Phil Rhodes reviews the Square One, a fluorescent 'panel' from Photon Beard that holds some distinct advantages over comparable LED units.
Having surveyed a trade show or the industry press, creatures from another planet would probably assume that the only way to light anything at the moment is with LEDs. Photon Beard has other ideas.
Photon Beard's Square One fluorescent panel is not a new product, but one that we've cruelly overlooked to date despite the good thinking involved in its design. The term 'panel' is relative, of course; it's made up of eight 8-watt fluorescent tubes in the same way that LED panels of comparable performance are made up of dozens or hundreds of individual devices. There are advantages to this approach, not least of which is the avoidance of legal entanglements: the common arrangement of an array of LEDs is, for some deeply unfathomable reason, protected by patent, whereas an array of fluorescent tubes is apparently not.
Output and character
As to the performance of the device, it's important to keep in mind that fluorescent tubes are currently about as efficient as LEDs, with the difference really in the details of the control electronics. The Square One, with a nominal output of 64 watts, is therefore a little more powerful than even the most recent Litepanels Astra 1x1 EP, which is specified at 56 watts.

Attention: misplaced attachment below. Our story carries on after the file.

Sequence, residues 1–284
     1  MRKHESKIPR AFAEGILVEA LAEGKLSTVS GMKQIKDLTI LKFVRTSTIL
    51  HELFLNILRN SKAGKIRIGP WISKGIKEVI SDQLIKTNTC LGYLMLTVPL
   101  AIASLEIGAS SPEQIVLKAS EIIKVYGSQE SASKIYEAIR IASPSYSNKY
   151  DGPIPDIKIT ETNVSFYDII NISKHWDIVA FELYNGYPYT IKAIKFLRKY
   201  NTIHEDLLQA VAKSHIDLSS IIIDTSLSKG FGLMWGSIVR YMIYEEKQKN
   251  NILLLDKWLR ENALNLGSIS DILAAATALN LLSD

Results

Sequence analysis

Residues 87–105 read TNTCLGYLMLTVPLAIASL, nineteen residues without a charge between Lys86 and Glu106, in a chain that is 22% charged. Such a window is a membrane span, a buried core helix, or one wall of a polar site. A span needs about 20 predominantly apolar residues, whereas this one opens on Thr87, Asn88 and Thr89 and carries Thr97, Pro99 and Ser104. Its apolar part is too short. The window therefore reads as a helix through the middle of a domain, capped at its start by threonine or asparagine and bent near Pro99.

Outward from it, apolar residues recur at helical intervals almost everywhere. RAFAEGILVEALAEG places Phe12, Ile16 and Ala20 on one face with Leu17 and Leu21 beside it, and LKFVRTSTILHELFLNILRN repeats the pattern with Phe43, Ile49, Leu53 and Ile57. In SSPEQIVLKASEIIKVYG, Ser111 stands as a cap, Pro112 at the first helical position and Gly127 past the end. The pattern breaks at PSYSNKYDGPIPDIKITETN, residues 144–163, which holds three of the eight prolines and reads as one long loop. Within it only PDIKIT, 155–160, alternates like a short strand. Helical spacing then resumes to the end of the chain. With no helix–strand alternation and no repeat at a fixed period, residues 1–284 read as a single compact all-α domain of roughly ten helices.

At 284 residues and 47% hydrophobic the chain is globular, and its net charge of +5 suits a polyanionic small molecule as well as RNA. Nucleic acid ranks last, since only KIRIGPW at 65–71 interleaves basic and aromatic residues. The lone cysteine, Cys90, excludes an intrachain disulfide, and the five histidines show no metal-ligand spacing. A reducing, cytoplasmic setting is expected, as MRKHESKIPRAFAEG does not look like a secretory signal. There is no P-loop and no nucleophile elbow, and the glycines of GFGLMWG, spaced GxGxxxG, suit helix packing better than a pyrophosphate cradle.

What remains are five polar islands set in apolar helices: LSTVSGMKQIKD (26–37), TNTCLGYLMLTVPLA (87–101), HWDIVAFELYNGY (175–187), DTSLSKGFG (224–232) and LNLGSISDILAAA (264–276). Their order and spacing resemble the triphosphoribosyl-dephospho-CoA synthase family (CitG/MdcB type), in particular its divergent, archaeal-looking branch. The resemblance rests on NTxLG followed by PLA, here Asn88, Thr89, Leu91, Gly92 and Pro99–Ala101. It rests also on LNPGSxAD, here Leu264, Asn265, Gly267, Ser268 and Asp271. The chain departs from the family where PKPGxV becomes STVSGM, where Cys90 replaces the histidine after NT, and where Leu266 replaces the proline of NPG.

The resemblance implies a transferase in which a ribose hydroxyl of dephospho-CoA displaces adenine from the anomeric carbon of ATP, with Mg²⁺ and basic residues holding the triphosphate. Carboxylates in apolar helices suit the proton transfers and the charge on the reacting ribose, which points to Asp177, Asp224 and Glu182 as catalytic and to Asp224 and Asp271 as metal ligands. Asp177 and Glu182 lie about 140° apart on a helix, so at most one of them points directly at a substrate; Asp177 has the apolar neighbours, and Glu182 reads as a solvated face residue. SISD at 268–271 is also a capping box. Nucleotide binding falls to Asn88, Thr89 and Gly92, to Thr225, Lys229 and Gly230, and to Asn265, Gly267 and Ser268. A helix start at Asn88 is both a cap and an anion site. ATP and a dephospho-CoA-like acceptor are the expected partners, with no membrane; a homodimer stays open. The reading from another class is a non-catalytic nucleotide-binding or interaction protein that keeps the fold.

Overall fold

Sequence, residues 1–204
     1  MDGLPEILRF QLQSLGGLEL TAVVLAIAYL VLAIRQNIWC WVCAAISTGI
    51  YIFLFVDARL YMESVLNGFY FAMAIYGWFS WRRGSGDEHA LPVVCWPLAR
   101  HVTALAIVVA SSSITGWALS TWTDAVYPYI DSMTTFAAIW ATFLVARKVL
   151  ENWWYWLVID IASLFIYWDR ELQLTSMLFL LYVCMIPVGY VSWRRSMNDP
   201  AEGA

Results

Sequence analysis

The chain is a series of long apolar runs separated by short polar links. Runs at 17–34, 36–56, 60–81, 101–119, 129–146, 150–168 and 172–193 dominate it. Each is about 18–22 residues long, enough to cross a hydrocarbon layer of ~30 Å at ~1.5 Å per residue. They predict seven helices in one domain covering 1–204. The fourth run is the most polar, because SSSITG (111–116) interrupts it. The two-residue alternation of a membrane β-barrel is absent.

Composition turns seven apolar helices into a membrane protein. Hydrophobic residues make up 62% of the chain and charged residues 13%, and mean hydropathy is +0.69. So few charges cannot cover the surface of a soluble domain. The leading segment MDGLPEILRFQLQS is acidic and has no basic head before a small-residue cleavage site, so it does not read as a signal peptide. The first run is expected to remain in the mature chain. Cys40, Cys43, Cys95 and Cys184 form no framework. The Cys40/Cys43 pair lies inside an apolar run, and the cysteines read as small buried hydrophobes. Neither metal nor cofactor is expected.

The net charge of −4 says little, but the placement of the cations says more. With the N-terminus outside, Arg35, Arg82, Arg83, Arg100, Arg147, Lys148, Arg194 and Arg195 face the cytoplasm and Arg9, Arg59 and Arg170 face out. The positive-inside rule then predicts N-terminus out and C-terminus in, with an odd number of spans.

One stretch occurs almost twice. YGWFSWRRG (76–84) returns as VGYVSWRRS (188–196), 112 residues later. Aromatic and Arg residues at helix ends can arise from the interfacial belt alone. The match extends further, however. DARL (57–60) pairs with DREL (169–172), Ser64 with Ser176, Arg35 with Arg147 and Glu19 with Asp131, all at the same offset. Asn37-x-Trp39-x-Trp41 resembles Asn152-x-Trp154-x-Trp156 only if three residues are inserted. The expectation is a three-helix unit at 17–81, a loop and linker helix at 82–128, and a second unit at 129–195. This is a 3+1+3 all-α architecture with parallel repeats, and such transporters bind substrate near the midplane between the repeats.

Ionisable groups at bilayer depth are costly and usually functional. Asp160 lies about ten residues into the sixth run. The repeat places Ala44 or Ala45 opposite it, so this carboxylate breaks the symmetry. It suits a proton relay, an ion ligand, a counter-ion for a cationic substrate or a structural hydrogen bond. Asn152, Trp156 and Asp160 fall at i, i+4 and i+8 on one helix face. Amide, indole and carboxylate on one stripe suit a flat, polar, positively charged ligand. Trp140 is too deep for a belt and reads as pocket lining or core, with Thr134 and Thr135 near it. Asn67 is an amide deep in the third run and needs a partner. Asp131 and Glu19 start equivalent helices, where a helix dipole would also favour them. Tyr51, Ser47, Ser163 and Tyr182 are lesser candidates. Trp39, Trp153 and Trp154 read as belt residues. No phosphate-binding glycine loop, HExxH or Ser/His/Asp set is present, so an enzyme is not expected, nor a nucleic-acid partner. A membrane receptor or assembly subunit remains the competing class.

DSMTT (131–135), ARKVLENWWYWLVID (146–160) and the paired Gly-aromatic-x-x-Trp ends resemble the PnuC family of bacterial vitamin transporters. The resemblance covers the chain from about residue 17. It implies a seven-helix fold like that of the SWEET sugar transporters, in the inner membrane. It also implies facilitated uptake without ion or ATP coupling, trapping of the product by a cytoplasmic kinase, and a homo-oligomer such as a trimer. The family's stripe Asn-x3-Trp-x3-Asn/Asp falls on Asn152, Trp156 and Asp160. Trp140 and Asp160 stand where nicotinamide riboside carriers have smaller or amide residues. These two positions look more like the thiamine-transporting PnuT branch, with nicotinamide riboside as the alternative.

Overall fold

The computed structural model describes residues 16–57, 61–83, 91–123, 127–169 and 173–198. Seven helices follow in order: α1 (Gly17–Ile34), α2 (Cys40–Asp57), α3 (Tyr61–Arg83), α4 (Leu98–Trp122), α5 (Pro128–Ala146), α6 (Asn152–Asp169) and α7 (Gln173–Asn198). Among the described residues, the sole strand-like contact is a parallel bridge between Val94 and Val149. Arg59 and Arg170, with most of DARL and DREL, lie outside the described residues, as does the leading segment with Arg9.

Importantly, the Square One is also about two thirds the price.
While the comparison between foot-square panel-style lighting devices is inevitable, though, it's also a little difficult because fluorescent tubes aren't really intended to do the same thing as LEDs. In general, the throw from a fluorescent lamp will be less specular and directional. The utility of these characteristics naturally depends entirely on the circumstances, but may be more appropriate for close-up beauty shots and ENG; ultimately, the much larger single source size should help skin. Certainly, the segmented-shadow issue of LEDs is greatly reduced in the vertical and completely absent in the horizontal. While the eight-tube configuration can create some degree of staggered shadowing in one axis, the Square One's reflector design minimises it greatly and it is far softer and much less objectionable than some LEDs.